Health > Sunburn
Sunburn is the inflammation of the skin caused by excessive exposure to sunlight
Gone are the days when people go to the beach hoping to get burnt in the hope of eventually getting a great tan. These days, it is almost common knowledge that too much sunburn may equal skin cancer and premature aging.
Everyone is at risk. If you have dark skin do not think you can escape the dangerous rays of the sun.
Your reddened skin will normally heal within a few days but the damage can last a lifetime. If your sunburn is accompanied by blisters, the sunburn is quite severe and no doubt will be extremely painful. You will lose a few layers of skin through peeling.
Any sunburn will inevitably cause skin damage.
The sun has two types of ultraviolet radiation important in a discussion of damaging effects to the skin.
Certain drugs can intensify the harmful effects of UV radiation.
At-home care will alleviate many of the symptoms of sunburn, but no treatment can undo the damage caused by prolonged exposure to the sun.
Few cases of sunburn require medical care. If the burn is very painful or widespread, a doctor may prescribe oral corticosteroids to relieve the discomfort. Treatment for extremely severe cases of sunburn (those involving extensive blistering, dehydration, or fever) usually requires bed rest and possibly hospitalisation. (See Burns).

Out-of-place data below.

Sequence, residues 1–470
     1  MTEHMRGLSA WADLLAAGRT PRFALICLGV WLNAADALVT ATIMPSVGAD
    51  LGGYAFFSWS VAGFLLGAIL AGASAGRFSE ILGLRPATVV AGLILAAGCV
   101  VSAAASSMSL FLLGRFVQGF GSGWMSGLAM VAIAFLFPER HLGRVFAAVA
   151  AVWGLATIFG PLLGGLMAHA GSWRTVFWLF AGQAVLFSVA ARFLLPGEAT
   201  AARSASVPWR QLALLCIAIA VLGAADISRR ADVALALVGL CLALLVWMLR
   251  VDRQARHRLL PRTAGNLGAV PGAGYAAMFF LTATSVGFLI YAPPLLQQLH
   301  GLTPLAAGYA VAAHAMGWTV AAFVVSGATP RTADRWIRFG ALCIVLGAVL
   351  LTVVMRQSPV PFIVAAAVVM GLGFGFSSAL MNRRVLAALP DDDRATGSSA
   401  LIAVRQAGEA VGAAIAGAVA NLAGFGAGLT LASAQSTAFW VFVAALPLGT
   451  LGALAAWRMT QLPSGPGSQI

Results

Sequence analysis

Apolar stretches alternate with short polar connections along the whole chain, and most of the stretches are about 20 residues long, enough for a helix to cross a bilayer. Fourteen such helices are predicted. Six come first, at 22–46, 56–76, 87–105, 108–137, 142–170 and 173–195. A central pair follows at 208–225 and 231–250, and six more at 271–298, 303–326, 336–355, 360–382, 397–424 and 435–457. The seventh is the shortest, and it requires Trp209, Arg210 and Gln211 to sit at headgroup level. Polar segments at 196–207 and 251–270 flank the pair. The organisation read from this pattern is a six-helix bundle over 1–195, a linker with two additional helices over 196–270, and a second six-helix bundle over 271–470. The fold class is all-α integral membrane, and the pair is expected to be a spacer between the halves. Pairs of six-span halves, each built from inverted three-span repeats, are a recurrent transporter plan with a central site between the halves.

Herbal Therapies - Lotions, poultices, and compresses containing calendula (Calendula officinalis) will reduce inflammation.
Preparations containing aloe (Aloe barbadensis) are excellent for relieving sunburn.
Aromatherapy - A gentle massage using lavender essential oil diluted in a carrier oil. See our section on Aromatherapy for more details.
Homoeopathy - Cantharis taken orally every three to four hours for up to two days is recommended for relieving pain and helping to heal blisters.
Apply cold compresses or calamine lotion to ease itchiness, take a pain killer, and have a cool bath or shower for overall relief. Drink plenty of water, avoiding alcohol.
When your skin peels or the blisters break, gently remove the dried skin and apply an antiseptic ointment or cream to the skin beneath. If you feel feverish or nauseated, drink lots of fluids and see a doctor immediately.
The best way to prevent sunburn is to limit your exposure to direct sunlight, especially between 10:00 a.m. and 3:00 p.m. Take a look at your shadow: If it's shorter than your height, stay under cover.
Don't forget to 'Slip Slop, Slap'.
By practising these sunsense tips you should prevent excessive sun damage to you and your family's skin